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Thesis defense of Florian Mentzel

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  • Defense

Microbeams - quick and dirty

A milestone towards treatment plan optimization for microbeam radiation therapy [...]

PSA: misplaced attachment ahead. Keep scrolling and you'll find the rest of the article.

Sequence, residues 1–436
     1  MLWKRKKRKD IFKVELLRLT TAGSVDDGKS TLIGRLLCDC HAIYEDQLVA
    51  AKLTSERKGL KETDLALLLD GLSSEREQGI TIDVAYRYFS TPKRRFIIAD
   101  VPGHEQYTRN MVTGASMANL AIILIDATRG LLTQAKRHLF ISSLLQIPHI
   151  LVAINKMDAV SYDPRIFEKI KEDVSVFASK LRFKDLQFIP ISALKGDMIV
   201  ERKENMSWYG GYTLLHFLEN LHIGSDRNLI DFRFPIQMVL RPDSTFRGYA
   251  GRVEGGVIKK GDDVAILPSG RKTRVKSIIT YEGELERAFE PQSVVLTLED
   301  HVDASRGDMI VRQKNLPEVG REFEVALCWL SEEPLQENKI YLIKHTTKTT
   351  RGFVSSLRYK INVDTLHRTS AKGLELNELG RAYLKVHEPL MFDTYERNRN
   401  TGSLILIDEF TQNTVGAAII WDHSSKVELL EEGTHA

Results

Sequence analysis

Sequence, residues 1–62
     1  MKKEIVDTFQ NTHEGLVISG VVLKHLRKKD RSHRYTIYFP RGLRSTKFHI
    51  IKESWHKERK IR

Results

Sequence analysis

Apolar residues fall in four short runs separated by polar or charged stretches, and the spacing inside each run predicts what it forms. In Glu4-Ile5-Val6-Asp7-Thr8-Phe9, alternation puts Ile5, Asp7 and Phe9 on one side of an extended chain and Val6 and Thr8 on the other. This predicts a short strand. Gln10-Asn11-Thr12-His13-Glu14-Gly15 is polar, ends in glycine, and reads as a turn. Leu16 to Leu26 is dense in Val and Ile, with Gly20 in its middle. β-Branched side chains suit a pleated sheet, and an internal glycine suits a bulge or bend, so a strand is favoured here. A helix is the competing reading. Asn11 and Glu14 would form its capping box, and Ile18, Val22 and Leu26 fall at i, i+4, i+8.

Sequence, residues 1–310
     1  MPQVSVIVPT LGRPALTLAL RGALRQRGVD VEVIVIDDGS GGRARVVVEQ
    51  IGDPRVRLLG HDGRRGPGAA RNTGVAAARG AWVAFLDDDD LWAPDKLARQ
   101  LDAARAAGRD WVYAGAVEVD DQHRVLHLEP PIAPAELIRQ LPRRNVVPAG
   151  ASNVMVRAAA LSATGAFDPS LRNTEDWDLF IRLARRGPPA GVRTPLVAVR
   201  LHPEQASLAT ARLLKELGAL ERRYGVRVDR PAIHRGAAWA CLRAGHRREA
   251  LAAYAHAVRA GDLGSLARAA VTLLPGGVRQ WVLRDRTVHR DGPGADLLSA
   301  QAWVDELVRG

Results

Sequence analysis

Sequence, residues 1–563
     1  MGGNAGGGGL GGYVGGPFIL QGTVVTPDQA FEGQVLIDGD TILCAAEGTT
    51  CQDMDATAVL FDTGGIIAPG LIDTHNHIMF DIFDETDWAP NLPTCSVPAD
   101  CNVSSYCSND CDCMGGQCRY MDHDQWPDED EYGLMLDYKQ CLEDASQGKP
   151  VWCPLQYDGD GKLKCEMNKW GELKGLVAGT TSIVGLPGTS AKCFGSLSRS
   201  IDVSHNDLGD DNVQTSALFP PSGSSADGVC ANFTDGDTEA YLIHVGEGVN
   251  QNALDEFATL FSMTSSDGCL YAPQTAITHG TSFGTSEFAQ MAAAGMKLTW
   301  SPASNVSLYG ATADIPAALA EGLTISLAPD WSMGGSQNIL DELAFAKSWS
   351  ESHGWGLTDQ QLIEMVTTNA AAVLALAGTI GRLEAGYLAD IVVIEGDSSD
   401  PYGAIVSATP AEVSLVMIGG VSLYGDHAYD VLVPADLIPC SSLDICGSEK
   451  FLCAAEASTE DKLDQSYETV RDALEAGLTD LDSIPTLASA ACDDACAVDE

Microbeam radiation therapy (MRT) is a promising yet preclinical radiotherapy treatment for several tumour diagnosis such as gliosarcoma and radioresistant melanoma  for which even modern clinical treatments such as intensity-modulated radiation therapy (IMRT) and volumetric modulated arc therapy (VMAT) yield poor outcome perspectives. The dose prediction during MRT treatment planning, as for most other novel radiotherapies, is mostly performed with very time-consuming Monte Carlo (MC) simulations. This slows down preclinical research processes and renders treatment plan optimization infeasible. In this thesis, several milestones for the introduction of a fast machine learning (ML) dose calculation method for MRT are presented. First, a 3D U-Net-based ML dose engine is developed using MC training data obtained with Geant4 simulations of a synchrotron broadbeam incident on different bone slab models and a simplified human head phantom as a proof of concept. The developed model is shown to produce dose predictions within less than 100 ms which is substantially faster than the used MC simulations with up to 20 hours and also the currently fastest approximative MRT dose prediction approach, called HybridDC, with approximately 30 minutes. The model is also shown to be superior to a dose prediction approach using generative adversarial networks (GANs) and also a novel transformer-based ML model called Dose Transformer (DoTA), with which it is compared for application in proton minibeam radiation therapy (pMBRT) in a subsequent study. Secondly, the developed ML model and the MC simulations for data generation are extended to account for the spatially fractionated nature of MRT. For this, a novel MC scoring method is developed which is able produce separate dose estimations for the high-dose peak regions where the microbeams traverse the phantoms and the low-dose valley regions in-between those beams. Finally, the developed ML model and the MC scoring method are deployed in a first application of an ML dose prediction method in a preclinical MRT study in collaboration with the University of Wollongong, Australia, conducted at the Imaging and Medical Beamline (IMBL) at the Australian Synchrotron which aimed at treating rats after implanting gliosarcoma cells. It is shown that the ML model can be trained to provide unbiased dose estimations in complex target phantoms even when trained on high-noise MC data, in important finding for the acceleration of future developments of ML models as such datasets can be produced significantly faster. The ML predictions in the rat phantoms deviate at most 10% from the MC simulations, rendering the proposed model a suitable candidate for fast dose predictions during treatment plan optimization in the future.